Guitar Mode On.

There are these mythical things called modes that are talked about in hushed tones by musicians world wide. I wish I was paid a shiny pound every time a student mentions them and how a “mate” does them and he is really good. They then go on to tell me how complicated they are and then mispronounce each of them. Oh it’s a beautiful thing.

What is a mode? Well it is defined as

A way or manner in which something occurs or is experienced, expressed, or done

Well modes are great ways of expressing moods, a word quite similar to mode. Linguistic coincidence? There are no coincidences 😉

Lets first look at the Major scale, itself a mode. Known to those who are enlightened as the Ionian mode. A case of you potato I say Potato, someone else says, “what the hell you talking about root vegetables for? ” It is merely a name given to a collection of notes that express something.

Each of the modes of the Major scale have names. They are as follows.

  • Ionian
  • Dorian
  • Phrygian
  • Lydian
  • Mixolydian
  • Aeolian
  • Locrian

Wow, you didn’t mention I need to be able to speak Greek. Did I not? Don’t you? What a huge disappointment.

The Ionian mode, contains 7 notes. Lets put those notes into the key of C. The notes are C D E F G A B C. Simple.

Now between each of those notes is an interval. C to D is a Tone, D to E is a tone, E to F a semi tone, F to G is a tone, G to A is a tone, A to B is a tone and B to C is a semi tone. This is a unique combination of Tones and semi tones that identifies this scale/mode. I call this 2Ts 3Ts

Each of the modes have different, sometimes quite subtle combinations. Each of these make them unique. This combination sounds kinda happy, it is familiar. We give this a formula, and as the major scale is our blue print for everything we give it the formula 1 2 3 4 5 6 7. The pattern that all others are judge and compared to.
.

Lets look at the Dorian mode.

We’ll stick with the notes of the C major scale for now, thus making D Dorian as a scale. The notes are

D E F G A B C D . Now we have Tone, Semitone, Tone, Tone, Tone, Semitone, Tone.

Play these notes have a listen.

How does it sound? Think simply, happy or sad? This will allow you to decide whether it is major or minor… clue it’s minor!

It’s like the minor you may already know, except there is a lighter feel to it.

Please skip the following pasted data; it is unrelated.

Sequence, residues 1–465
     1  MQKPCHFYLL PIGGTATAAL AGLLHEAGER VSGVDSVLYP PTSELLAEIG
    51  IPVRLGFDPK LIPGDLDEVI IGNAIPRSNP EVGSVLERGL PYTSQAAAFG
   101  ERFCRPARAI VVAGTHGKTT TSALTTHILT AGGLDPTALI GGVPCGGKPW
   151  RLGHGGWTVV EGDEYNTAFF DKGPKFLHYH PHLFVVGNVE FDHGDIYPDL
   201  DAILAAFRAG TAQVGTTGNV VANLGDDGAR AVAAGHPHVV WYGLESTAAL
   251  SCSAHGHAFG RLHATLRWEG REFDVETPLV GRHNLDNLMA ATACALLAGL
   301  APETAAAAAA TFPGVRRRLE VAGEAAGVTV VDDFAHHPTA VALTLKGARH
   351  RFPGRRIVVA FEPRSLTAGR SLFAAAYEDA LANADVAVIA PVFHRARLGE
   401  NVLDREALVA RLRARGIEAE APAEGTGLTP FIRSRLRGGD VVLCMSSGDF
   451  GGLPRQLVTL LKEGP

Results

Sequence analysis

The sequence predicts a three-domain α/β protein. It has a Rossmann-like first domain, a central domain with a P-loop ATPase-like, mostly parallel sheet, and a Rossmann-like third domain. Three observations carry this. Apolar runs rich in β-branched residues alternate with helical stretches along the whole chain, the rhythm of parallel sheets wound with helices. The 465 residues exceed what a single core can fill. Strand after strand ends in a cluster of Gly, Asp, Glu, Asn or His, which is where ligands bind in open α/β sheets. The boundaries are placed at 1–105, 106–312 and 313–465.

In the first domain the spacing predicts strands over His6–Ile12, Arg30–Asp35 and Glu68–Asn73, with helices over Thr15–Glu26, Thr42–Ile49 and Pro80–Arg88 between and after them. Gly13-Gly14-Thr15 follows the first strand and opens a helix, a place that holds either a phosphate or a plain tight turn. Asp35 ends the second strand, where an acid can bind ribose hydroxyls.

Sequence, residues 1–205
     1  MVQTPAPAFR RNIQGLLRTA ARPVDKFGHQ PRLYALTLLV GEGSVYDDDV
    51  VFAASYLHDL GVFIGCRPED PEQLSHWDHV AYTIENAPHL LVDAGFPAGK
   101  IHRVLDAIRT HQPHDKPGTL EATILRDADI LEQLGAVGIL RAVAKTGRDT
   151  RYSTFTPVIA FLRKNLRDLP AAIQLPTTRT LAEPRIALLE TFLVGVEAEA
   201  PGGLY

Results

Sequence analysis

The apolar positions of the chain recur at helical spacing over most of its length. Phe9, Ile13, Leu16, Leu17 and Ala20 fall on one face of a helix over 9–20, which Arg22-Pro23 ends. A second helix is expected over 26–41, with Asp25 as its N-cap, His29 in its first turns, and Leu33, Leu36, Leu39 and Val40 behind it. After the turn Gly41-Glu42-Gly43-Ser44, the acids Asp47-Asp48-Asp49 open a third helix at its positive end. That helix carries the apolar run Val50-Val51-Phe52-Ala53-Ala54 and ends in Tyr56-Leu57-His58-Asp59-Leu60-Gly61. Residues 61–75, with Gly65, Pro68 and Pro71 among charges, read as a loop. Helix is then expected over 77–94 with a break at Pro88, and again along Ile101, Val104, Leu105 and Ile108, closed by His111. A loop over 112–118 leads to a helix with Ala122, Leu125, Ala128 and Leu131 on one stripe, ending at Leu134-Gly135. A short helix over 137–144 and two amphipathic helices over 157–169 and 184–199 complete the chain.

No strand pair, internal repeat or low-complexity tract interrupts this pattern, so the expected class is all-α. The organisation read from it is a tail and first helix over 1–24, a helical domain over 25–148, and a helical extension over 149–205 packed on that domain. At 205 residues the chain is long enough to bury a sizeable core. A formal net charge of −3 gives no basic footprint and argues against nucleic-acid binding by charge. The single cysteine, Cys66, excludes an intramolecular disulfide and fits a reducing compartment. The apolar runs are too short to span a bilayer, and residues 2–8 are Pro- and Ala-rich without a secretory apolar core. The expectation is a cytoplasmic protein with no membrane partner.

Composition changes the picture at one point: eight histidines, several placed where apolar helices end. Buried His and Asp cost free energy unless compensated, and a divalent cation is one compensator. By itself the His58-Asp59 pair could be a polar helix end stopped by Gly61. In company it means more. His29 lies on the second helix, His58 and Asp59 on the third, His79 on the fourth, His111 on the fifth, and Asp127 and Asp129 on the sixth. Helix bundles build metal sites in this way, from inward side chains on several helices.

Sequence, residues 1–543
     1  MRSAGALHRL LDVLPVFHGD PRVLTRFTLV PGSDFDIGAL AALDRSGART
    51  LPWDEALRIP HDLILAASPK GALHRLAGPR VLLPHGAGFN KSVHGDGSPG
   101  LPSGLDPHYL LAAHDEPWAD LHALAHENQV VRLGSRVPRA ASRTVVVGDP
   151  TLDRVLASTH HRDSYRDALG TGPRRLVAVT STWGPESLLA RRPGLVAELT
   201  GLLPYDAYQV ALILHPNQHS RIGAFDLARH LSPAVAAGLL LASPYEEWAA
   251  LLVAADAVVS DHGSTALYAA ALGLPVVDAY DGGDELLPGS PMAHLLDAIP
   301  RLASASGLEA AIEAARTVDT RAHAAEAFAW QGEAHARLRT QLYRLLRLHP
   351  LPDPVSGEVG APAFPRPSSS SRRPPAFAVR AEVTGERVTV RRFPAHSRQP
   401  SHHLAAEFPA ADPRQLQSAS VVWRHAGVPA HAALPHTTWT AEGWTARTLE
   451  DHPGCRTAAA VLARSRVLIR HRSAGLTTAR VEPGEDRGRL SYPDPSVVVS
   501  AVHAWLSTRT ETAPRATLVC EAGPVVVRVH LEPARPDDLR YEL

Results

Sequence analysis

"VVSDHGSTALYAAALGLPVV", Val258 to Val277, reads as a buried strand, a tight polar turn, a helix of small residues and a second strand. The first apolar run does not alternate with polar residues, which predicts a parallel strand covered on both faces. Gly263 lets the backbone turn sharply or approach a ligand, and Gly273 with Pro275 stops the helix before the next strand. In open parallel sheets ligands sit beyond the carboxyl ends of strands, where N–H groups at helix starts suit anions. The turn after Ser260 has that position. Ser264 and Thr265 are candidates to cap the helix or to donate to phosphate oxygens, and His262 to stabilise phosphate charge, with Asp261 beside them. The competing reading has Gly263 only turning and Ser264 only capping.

The notes from D through to D are the same notes that were present for C major but now they sound sad. Weird! The distances between notes changed. We don’t have a formula that fits for a major scale. We now have a formula that is 1 2 b3 4 5 6 b7. This is the Dorian formula.
All the modes have formulas. We will go about learning these.
We need to look at this scale formula. It’s minor. 1,b3,5. There is a b7 as well. We can play the Dorian mode over a minor 7 chord. Cool! So let’s get a d min or d min7 chord and play this scale over it. In the example I played the scale ascending and descending. You need to play and explore the scale. The exciting note I’d the 6th, in this instance, for key of D, the B note.
Each of the modes have what we refer to as character notes, henceforth known as C.N. these are notes that are different from the other modes. The notes that make them unique. We will investigate each of these CN’s and get our ears to recognise them as best we can. These things take time though. Hope you are in for the long run.
Just as a sneak peek here are the formulas for the other modes

Ionian. 1234567
Dorian 12b3456b7
Phrygian 12b345b6b7
Lydian 123#4567
Mixolydian 123456b7
Aeolian 12b345b6b7
Locrian 1b2b3 4b5b6b7

As you can see these are all completely different. Each has their own character. Some are light and breezy, others are dark. You decide.

So for now, have some investigation of the Dorian mode. We shall resume with another mode shortly.
Hopefully you can understand that these modes aren’t mystical or too difficult to grasp.

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~ by Geoff Lea Guitar on July 1, 2013.

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